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A Repository of Interesting Words Encountered Whilst Reading

The Chapel of the Abyss

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1Makifat
Edited: Dec 8, 2009, 4:10pm Top

Dogshores: One of several shores used to hold a ship firmly and prevent her moving while the blocks are knocked away before launching.

Encountered in the Introduction to Sea-Wolves of the Mediterranean: The Grand Period of the Moslem Corsairs:

When the ship is ready for launching there comes a moment of tense excitement before the dogshores are knocked away and she slides down the ways.

2kswolff
Edited: Dec 9, 2009, 12:05am Top

Lots of interesting words in Insulting and Depraved English Wonderful stuff. Some arcane, some obscure, some oddly specific. Great fodder for this group.

From a review:

However, though rare, many other terms in the book have found their place in the pages of the Oxford English Dictionary, such as the invaluable and unjustly neglected egrote, to feign sickness in order to avoid work, and nihilarian, a person with a meaningless job. Others with some track record are gubbertush, a bucktoothed person; snivelard, someone who speaks through their nose, a whiny person; boodler, one who happily offers or accepts bribes; and syndyasmian, pertaining to promiscuous sexual pairing, or the temporary cohabitation of couples. And the title is not wholly correct, as not all the terms are insulting: for example, you will encounter callipygian for a person with nicely shaped buttocks.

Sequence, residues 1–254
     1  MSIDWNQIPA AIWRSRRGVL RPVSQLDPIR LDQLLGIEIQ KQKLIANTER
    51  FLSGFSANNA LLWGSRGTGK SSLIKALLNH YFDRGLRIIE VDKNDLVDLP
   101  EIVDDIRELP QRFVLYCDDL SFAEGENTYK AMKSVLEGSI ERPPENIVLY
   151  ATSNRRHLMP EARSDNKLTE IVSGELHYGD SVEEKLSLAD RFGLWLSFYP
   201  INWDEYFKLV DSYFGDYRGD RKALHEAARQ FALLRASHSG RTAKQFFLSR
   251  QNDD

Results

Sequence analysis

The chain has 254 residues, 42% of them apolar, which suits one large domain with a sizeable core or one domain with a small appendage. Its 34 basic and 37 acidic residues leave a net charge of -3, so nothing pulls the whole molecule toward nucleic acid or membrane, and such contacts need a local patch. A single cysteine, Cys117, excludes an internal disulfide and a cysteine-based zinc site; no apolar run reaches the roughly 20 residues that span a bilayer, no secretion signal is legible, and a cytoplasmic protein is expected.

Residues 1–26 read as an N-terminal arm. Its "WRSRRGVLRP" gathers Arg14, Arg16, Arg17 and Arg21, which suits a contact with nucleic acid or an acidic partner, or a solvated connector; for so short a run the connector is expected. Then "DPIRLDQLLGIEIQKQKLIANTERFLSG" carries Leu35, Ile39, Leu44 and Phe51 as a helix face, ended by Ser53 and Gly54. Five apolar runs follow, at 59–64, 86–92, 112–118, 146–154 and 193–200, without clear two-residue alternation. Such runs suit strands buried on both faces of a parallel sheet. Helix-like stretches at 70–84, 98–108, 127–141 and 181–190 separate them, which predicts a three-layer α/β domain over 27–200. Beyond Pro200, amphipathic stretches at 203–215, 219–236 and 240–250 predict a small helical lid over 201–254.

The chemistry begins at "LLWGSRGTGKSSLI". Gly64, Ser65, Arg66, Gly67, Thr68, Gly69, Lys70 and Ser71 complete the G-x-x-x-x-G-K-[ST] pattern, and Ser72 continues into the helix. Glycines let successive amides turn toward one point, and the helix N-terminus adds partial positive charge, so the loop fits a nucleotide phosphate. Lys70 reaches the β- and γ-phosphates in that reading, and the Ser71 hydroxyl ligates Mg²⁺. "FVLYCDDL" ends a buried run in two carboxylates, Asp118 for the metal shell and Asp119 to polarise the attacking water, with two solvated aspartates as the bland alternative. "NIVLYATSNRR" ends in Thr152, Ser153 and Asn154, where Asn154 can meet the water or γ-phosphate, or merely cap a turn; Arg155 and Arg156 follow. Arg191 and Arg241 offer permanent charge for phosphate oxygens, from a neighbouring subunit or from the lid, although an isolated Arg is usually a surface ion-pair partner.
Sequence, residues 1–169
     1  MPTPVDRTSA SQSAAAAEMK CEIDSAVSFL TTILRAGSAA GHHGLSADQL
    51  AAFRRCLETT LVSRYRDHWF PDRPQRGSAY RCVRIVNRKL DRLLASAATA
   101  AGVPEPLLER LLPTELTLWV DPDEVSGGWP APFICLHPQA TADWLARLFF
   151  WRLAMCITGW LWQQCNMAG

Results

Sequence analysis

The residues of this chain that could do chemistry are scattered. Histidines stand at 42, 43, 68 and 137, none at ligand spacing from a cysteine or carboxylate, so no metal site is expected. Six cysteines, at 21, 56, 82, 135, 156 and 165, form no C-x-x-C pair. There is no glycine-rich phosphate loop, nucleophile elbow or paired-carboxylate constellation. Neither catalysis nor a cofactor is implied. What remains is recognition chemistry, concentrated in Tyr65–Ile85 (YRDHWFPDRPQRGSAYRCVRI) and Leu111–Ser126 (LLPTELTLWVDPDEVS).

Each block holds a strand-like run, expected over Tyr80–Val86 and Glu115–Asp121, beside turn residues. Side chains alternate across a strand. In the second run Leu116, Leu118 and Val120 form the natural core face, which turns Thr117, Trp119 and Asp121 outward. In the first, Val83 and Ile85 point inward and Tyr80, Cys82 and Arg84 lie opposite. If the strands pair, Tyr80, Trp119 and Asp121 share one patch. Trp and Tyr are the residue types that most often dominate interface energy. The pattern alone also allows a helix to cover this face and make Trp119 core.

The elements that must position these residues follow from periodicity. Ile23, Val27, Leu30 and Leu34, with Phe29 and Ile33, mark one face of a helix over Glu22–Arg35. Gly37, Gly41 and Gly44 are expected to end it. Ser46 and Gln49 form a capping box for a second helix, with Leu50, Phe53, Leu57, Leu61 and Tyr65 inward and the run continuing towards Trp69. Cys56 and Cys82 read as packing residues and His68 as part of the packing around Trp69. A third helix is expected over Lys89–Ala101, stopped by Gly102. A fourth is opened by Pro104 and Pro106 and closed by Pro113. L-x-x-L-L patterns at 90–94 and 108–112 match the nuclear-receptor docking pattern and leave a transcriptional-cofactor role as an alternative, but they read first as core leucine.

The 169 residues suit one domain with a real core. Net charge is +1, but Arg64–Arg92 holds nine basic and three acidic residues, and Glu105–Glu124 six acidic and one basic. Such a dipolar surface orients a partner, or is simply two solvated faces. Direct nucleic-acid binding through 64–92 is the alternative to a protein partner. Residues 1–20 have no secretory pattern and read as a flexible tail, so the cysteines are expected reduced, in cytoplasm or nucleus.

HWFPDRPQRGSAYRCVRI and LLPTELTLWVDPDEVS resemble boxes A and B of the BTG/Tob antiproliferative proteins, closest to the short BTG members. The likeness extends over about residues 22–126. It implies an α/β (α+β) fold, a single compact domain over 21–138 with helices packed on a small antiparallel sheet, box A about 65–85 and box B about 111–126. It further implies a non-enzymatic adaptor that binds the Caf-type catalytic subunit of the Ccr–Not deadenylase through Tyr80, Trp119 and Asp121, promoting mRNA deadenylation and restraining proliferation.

3Makifat
Dec 9, 2009, 10:31am Top

See also The Superior Person's Book of Words and The Superior Person's Second Book of Words.

I've been examining some old texts on Internet Archive lately, and enjoying discovering "new" old and/or obsolete words.

4PhaedraB
Dec 9, 2009, 5:54pm Top

Have you seen this site?

http://www.savethewords.org/

5benwaugh
Oct 30, 2011, 6:11pm Top

Sometimes they sound like pagan charms and don't need to be defined: gudgeons. gollops, groynes, pigwidgeons, fustilugs and spriggans.

6kswolff
Oct 30, 2011, 9:04pm Top

scrannel-harsh -- from The Dark Labyrinth by Lawrence Durrell. Used to describe the voice of a particularly unpleasant Protestant religious fanatic.

7rolandperkins
Oct 31, 2011, 1:54am Top

Ironic that "Scrannel-" should be used to "describe the voice of a
particularly unpleasant Protestant religious fanatic..." (6) My only previous seeing/hearing of it was by one of the greatest of militant Protestant writers, John Milton in his description of the Church of England clergy of his time (not militant ENOUGH for him):

"And when they list*, their lean and flashy songs
Grate on their scrannel pipes of wretched straw.
The hungry sheep look up, and are not fed,
But, swollen with mist and the rank dew they draw
Rot inwardly, and foul contagion spread.

What more, the hungry wolf** with privy paw
Daily devours apace, and nothing said.
But that two-handed engine at the door
Stands ready to smite once and smite no more.
Lycidas

*lits: in modern English: wish

**wolf: probably a reference to the (not actually very numerorus) conversions that the Catholic Church was making.

8kswolff
Oct 31, 2011, 10:20am Top

Speaking of words used by unpleasant Protestant religious fanatics ... and their Catholic fellow travelers:

http://www.politicususa.com/en/14-secret-gop-words

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